Many in the Virgin Birth Doctrinal claim camp understand the statement, nothing shall be impossible with God in Luke 1:37 is specifically pertaining to Mary and the child she will conceive.
Read Genesis 18:10-14 in the Septuagint:
And he said, I will return and come to thee according to this period seasonably, and Sarrha thy wife shall have a son; and Sarrha heard at the door of the tent, being behind him. And Abraam and Sarrha were old, advanced in days, and the custom of women ceased with Sarrha.
And Sarrha laughed in herself, saying, The thing has not as yet happened to me, even until now, and my lord is old. And the Lord said to Abraam, Why is it that Sarrha has laughed in herself, saying, Shall I then indeed bear? but I am grown old. Shall anything be impossible with the Lord? At this time I will return to thee seasonably, and Sarrha shall have a son. (Genesis 18:10-14 Brenton)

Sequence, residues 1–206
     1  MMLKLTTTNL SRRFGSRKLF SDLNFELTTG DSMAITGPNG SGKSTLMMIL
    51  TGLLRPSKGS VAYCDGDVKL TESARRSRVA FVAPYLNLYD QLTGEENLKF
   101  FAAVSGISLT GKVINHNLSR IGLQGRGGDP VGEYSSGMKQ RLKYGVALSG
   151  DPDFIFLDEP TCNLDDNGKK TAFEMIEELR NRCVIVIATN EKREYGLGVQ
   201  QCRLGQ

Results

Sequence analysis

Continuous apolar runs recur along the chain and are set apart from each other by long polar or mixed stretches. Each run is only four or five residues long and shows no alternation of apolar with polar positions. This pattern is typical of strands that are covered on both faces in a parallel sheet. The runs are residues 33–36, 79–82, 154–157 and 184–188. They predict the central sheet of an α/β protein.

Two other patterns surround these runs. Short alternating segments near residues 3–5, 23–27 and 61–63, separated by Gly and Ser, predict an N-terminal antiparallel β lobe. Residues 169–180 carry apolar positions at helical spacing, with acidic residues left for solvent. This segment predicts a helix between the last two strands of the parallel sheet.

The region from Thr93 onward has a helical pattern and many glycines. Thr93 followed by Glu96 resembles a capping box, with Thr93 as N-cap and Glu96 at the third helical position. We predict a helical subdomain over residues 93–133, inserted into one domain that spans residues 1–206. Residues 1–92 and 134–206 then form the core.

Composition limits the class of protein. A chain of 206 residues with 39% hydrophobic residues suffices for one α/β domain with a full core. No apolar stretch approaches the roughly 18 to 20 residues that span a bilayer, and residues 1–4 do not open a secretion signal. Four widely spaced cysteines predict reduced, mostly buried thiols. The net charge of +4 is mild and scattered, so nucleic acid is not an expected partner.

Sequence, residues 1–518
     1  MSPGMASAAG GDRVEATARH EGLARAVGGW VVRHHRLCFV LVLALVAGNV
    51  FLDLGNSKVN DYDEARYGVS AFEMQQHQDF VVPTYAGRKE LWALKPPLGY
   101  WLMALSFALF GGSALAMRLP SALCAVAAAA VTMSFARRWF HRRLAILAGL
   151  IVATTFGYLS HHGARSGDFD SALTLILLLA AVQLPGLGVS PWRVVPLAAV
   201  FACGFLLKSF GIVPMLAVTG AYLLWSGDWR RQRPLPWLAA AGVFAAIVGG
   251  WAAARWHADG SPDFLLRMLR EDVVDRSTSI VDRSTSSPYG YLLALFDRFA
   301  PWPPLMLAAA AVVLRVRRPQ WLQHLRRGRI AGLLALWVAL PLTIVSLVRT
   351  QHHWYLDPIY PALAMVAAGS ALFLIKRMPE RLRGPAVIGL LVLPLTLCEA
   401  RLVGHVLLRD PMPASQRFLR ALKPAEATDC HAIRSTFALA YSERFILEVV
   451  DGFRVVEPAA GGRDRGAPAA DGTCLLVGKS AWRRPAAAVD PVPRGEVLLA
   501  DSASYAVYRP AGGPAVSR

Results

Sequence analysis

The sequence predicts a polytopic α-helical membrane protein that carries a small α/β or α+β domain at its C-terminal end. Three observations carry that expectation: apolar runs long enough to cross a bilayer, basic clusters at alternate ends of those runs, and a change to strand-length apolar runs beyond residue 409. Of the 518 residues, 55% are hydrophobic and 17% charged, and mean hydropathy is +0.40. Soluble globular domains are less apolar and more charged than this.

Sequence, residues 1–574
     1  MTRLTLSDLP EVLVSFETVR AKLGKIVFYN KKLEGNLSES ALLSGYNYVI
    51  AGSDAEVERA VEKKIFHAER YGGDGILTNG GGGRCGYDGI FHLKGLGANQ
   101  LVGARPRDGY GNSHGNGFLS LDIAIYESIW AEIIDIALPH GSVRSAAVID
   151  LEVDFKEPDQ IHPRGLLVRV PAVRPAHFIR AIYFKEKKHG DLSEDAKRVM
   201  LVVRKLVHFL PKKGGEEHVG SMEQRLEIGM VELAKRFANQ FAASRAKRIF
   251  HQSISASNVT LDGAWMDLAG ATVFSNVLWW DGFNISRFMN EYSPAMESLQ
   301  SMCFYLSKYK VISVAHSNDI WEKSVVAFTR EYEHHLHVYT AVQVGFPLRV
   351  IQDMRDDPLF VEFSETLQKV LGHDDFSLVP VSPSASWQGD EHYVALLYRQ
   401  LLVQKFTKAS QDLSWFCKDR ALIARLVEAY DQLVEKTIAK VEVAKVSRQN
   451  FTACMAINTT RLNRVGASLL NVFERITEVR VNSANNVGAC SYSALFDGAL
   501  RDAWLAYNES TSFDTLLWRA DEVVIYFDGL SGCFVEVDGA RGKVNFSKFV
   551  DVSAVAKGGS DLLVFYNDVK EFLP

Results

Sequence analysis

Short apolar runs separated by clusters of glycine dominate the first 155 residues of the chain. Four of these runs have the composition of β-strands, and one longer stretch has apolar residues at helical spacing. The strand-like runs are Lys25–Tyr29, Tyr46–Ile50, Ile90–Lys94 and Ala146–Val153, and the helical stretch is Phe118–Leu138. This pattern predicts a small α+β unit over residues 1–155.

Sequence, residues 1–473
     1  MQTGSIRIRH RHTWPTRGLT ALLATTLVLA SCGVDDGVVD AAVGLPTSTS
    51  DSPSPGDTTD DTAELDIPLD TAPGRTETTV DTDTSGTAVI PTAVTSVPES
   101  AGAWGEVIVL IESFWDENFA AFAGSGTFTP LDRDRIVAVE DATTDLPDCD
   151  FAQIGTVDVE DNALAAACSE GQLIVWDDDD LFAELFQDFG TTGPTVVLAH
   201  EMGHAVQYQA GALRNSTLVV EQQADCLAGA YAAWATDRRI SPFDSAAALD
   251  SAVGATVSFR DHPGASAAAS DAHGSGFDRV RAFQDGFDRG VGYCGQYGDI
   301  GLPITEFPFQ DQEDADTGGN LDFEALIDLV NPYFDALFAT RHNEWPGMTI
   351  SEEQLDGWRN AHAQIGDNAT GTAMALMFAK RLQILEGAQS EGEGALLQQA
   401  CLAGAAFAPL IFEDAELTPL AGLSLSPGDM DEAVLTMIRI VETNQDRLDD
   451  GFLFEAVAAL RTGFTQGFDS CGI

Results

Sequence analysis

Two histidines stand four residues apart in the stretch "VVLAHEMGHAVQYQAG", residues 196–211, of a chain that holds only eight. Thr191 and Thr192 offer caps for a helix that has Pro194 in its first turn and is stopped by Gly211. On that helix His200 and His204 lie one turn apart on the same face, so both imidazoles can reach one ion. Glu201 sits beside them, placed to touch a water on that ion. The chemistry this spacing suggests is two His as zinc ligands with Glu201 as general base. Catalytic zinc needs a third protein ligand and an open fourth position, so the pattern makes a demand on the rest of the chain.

Given what the author of Luke has already revealed concerning Elisabeth earlier in chapter 1, in conjunction with the messenger’s reference to her in verse 36, to whom do you think the messenger intended this statement, “nothing shall be impossible with God”, to pertain: Elisabeth or Mary?
Would a virgin espoused to a man receiving news of a future conception and birth be considered an impossibility?
Why then, do you think the messenger draws Mary’s attention to Elisabeth’s condition?
[- excerpt from The Birth of Jesus Christ – According to Luke and Acts: A Biblical Study Guide to be released in October 2017]